Angela, Zolac no Miko (zolac_no_miko) wrote,
Angela, Zolac no Miko

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On an airplane where the people looked like eggs

I don't think I'm ever going to be able to ride an airplane without thinking of Margot and The Nuclear So & So's, ever again.

So. I'm back from the thingy. The trip over went really smoothly, all things considered. Mom met me at the airport, and Alex picked us up, and we all drove over to Pauoa Valley. In true Gill Family Style, we arrive and the back patio is crowded with uncles, aunties, and cousins. Darian's grown like a weed, although he says "it's all hair". Jon York was there as well, which was nice... I hadn't seen him in a while. I ate a little Thai food and had a beer and some ice cream and hung out with the family. They all took off and I took a few minutes to watch the DVD of Grandpa's TV news spots before passing the hell out.

I slept a good ten hours, took a shower, then enjoyed a leisurely breakfast. I read the front page spread on Grandpa in the Honolulu Advertiser that I'd missed. That morning's paper had a nice letter that an old colleague of his submitted, which was very nice. A couple friends of Gary & Co. stopped by with a card, a plate of cookies, and their condolences, and we chatted for a while. Kink showed up as I was getting ready, and Gary and I sat and chatted with him until there wasn't really any reason not to leave. So we got in Kink's car and drove to Punchbowl.

I'd never been before. It really is quite pretty. I wish I'd had time to catch more of the view of the city, but the cemetery itself is quite picturesque. As we drove in the American flag stood at half-mast for Grandpa, and beyond it at the far end of the bowl the impressive Memorial with its statue of Columbia and its ten Courts of the Missing (Jon's dad is memorialized there). Everything else was lazily spreading shower trees casting shadows over a lush carpet of green grass dotted with grave markers. It was gloriously sunny, all blue sky and fluffy white clouds, and the trade winds kept things from getting too hot. The Family trickled in slowly, then followed as a soldier escorted Granny to the pavilion. We gathered in a semi-circle, the lofty and numerous Clan Gill: Thomas Gill's wife, brother, hanai son, daughter, five sons, four daughters-in-law, nine grandchildren (plus two boyfriends), and three great-grandchildren, for a total party of 27. And that's with three grandchildren missing.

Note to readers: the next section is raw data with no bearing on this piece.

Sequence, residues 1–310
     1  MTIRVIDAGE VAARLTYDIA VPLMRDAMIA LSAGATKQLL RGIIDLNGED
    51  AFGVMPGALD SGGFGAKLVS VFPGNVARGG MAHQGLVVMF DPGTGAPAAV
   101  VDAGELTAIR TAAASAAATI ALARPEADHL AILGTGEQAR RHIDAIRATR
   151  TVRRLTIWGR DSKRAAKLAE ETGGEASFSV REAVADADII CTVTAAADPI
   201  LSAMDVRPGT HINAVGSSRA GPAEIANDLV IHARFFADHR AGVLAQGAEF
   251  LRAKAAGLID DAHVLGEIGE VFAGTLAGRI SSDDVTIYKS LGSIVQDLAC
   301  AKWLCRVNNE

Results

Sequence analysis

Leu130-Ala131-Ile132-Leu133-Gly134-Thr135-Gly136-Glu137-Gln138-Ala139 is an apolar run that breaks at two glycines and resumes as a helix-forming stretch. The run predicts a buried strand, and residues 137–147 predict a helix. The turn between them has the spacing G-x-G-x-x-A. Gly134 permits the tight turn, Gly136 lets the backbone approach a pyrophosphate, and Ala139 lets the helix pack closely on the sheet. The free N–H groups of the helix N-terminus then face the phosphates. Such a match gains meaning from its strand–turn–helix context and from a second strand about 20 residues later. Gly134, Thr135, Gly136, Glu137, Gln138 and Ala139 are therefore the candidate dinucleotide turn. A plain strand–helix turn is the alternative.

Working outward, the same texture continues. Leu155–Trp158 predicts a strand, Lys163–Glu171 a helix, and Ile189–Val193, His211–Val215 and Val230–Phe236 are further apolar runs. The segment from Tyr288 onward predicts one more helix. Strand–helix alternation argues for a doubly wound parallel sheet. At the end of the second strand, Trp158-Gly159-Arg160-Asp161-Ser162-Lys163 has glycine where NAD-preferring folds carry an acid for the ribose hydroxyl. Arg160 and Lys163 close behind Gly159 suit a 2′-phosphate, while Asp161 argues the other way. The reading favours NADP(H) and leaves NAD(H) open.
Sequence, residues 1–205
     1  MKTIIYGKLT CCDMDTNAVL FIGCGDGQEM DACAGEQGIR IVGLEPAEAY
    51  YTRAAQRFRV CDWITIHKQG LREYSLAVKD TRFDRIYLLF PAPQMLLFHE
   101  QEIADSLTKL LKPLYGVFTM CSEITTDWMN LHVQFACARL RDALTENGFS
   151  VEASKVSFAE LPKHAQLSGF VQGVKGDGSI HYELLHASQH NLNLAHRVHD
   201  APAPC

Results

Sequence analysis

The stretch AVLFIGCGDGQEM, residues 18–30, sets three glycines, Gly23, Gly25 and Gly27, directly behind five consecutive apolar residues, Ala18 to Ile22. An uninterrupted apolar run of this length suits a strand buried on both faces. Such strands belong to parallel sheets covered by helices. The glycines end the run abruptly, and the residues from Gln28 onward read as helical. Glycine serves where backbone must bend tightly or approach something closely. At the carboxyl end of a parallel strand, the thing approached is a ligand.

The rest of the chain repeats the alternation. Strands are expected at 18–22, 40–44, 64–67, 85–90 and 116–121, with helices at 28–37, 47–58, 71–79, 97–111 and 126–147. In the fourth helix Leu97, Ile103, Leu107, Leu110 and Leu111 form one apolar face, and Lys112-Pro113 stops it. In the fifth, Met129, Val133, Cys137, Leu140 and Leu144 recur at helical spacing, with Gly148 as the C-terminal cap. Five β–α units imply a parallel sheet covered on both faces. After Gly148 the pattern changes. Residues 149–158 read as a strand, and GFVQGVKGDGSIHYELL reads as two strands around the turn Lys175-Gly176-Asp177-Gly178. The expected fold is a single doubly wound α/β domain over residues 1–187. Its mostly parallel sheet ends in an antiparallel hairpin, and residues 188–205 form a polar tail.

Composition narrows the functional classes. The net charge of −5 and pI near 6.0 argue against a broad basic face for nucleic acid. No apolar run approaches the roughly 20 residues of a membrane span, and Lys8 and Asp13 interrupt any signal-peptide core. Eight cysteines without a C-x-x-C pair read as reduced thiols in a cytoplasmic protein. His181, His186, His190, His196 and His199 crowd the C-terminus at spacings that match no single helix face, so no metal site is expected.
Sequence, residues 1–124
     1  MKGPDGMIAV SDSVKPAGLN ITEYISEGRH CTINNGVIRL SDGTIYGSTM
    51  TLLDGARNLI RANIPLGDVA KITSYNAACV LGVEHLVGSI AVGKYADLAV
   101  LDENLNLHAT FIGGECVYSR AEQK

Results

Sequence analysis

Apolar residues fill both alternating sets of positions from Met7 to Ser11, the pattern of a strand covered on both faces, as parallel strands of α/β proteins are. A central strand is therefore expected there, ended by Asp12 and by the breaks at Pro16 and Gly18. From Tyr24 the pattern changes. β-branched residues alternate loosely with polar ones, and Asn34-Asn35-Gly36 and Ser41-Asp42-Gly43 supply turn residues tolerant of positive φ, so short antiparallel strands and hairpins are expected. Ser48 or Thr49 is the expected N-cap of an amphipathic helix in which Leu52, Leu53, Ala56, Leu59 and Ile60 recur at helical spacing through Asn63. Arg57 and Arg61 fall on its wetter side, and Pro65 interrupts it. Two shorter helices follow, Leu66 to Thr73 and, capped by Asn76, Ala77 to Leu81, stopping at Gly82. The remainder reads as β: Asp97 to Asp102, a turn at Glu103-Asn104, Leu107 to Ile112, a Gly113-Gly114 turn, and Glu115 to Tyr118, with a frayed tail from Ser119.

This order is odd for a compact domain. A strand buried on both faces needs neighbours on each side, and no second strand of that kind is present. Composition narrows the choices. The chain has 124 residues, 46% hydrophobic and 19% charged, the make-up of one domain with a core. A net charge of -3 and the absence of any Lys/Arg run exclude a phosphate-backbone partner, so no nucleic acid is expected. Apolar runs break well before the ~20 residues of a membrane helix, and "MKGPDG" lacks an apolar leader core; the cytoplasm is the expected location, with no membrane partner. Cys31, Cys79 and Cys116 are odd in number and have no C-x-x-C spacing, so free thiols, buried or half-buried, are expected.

We stood in silent attention as two soldiers carried Grandpa's ashes and a folded American flag up the hill and into the pavilion. They placed Grandpa on the pedestal, saluted him, and retreated. We placed several lei around Grandpa's gorgeous koa urn, then listened as each of Grandpa's children, in order of birth (starting with his hanai son, Cousin Jon) stepped forward to speak, and then his brother, and then his wife. A lot of tears were shed, but there was just as much laughter. The soldiers returned; they unfolded and presented the flag while a third soldier played Taps. That brought tears to my eyes again; the notes were breathtakingly clear and bittersweet, and a fitting tribute to my grandfather. The soldiers refolded the flag, folding a bullet into it; then one of the soldiers went down on one knee and presented the flag to Granny Lo on behalf of the United States Army, expressing appreciation for Grandpa's service to his country. Then he stood and saluted her. It was all rote ceremony, yet somehow heartbreaking in its sincerity.

The ceremony complete, we walked past the walls of urns of other veterans to the place where Grandpa's ashes would rest. We passed the urn around and spoke our last words, then watched as the urn was sealed behind its marble slab. And that was that; we left our lei, flowers, and photos, took a few family pictures, and departed for our lunch at the Waioli Tea Room.

We did our Gill Food-Related Gathering Thing: we filled a room all by ourselves, and collected in shifting groups to chat and catch up. I became acquainted with the youngest of my first-cousins-once-removed, four month old Lehiwa. He's adorable. Huge, for his age, and all chubby baby fat and dimples. I watched Uncle Ivan do stupid baby tricks with him, touching the parts of his feet that made him spread and curl his toes on command. Kawehi's other two kids, Ka'anohi and Na'oi, have gotten HUGE. Na'oi's a little person now. Darian and Ka'anohi got reacquainted, and were immediately up to their old tricks, partners in crime, with Na'oi tagging along. Darian and Ka'anohi went outside and caught geckos, and even a poison-dart frog and an interesting beetle, which Darian took home in a styrofoam container.

I headed back to Pauoa with Gary, Susan, and Darian; Darian put his frog in a terrarium, and drowned his beetle in alcohol and pinned it. He's into herpetology and entomology, and has expert friends to mentor him. He's also into robotics. I approve heartily of his sciencey ways. We hung out and played ping pong a bunch until slowly, much later in the day, a few other relatives gathered. Mom gave me a couple of Grandpa's ties. We ate, and schmoozed, and then it was time to go.

Conveniently, Alex and I were on the same flight as May and Tim, so we all went to the airport together. Inconveniently, our flight ran waaaaay late, so on top of getting no sleep I had to rush at the San Francisco airport to make my connecting flight. But I made it back okay, so all's well that ends well. I'm so freaking exhausted I can hardly think, though, so I'm going to pass out now. ARGH WORK TOMORROW. ARGH.
Tags: family, homeward bound, in mourning, thomas gill
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